Increasing regulatory scrutiny due to the catastrophic risk associated with anti-money-laundering (AML) non-compliance is prompting many banks to tighten up their approach to AML model validation. Because AML applications would be better classified as highly specialized, complex systems of algorithms and business rules than as “models,” applying model validation techniques to them presents some unique challenges that make documentation especially important.
Attribution analysis of portfolios typically aims to discover the impact that a portfolio manager’s investment choices and strategies had on overall profitability. They can help determine whether success was the result of an educated choice or simply good luck. Usually a benchmark is chosen and the portfolio’s performance is assessed relative to it.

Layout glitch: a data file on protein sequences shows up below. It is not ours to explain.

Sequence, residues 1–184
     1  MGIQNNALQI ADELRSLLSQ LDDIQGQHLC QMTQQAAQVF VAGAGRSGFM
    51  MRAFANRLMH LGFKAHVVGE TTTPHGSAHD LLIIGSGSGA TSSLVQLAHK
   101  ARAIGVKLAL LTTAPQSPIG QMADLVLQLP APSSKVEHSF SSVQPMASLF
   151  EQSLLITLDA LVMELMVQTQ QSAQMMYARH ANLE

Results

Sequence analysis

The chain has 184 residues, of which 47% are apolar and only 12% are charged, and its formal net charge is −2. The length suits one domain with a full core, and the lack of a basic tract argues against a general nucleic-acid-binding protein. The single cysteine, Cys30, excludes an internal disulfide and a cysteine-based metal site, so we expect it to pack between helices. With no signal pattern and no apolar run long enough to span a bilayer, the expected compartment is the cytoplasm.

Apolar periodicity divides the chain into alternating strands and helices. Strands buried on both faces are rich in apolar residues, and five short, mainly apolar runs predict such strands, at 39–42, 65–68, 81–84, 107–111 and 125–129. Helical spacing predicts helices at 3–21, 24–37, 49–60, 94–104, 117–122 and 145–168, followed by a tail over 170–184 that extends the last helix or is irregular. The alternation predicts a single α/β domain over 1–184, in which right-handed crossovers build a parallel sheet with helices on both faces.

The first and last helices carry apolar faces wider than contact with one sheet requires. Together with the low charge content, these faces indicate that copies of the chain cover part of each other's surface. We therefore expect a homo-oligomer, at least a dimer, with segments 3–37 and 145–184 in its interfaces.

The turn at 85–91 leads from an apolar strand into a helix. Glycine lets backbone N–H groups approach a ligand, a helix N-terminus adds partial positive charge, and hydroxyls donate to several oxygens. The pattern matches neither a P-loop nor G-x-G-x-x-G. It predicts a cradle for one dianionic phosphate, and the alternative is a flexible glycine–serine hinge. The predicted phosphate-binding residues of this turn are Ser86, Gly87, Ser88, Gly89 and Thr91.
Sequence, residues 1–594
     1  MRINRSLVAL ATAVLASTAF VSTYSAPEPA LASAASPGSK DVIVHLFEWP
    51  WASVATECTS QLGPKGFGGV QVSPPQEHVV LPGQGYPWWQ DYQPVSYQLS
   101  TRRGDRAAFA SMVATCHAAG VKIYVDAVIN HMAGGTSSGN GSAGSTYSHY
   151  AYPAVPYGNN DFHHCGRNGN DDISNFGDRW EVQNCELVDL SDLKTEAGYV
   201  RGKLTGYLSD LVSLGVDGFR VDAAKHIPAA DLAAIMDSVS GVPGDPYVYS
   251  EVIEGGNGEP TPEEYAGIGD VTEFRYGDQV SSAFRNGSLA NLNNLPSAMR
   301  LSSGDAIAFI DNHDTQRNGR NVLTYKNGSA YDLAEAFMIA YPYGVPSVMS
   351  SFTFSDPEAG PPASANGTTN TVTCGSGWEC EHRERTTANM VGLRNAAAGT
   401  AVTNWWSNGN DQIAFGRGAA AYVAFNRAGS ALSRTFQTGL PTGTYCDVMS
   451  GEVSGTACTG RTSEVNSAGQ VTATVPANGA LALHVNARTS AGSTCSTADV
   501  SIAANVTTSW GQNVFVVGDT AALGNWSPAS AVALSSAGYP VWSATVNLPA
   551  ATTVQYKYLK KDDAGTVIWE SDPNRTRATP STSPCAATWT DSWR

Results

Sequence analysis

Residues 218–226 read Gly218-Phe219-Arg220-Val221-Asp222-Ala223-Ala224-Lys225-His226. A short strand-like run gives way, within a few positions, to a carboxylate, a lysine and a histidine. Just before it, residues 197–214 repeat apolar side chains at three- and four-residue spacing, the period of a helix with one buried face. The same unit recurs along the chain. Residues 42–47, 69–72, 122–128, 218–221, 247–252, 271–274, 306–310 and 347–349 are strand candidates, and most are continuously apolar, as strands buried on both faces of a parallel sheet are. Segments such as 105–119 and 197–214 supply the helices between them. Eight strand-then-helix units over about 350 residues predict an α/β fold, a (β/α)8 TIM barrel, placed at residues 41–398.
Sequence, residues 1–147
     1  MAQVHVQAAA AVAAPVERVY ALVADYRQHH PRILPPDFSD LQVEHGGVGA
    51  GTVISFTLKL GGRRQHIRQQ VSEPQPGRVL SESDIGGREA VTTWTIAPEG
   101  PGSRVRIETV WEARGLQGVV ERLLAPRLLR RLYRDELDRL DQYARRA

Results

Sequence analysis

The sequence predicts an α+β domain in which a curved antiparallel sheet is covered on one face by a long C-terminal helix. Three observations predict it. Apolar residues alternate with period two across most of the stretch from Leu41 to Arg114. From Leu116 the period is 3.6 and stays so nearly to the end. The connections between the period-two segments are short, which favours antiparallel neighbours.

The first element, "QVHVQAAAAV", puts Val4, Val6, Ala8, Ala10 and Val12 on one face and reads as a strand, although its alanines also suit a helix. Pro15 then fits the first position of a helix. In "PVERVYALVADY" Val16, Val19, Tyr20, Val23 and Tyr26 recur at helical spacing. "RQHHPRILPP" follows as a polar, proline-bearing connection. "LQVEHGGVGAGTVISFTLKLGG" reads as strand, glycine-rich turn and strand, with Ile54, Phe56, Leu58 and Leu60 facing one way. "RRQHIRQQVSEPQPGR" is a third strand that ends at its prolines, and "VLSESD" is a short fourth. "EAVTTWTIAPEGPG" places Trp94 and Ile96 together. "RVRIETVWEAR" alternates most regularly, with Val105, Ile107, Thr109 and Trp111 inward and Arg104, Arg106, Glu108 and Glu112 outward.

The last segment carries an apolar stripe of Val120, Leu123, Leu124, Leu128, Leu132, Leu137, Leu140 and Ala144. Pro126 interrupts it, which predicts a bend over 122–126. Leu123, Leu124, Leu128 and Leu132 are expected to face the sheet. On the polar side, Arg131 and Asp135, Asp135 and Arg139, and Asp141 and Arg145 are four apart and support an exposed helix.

This post, however, considers the question of whether a non-referential assessment is possible. That is, can we deconstruct and assess a portfolio’s performance without employing a benchmark? Such an analysis would require access to historical return as well as the portfolio’s weights and perhaps the volatility of interest rates, if some of the components exhibit a dependence on them. This list of required variables is by no means exhaustive.
An instrument’s terms and conditions lie at the heart of cash flow generation and valuation. Not surprisingly, errors in terms and conditions can drive errors in valuation. Fortunately, fixing these errors is often straightforward, provided the terms and conditions data is readily available, which is not always the case for private placement instruments.
Are there differences in the prepayment speeds of various Freddie Mac specified pools?
Watch the short video to find out the answer and to see just how easy this can be done with RS Edge.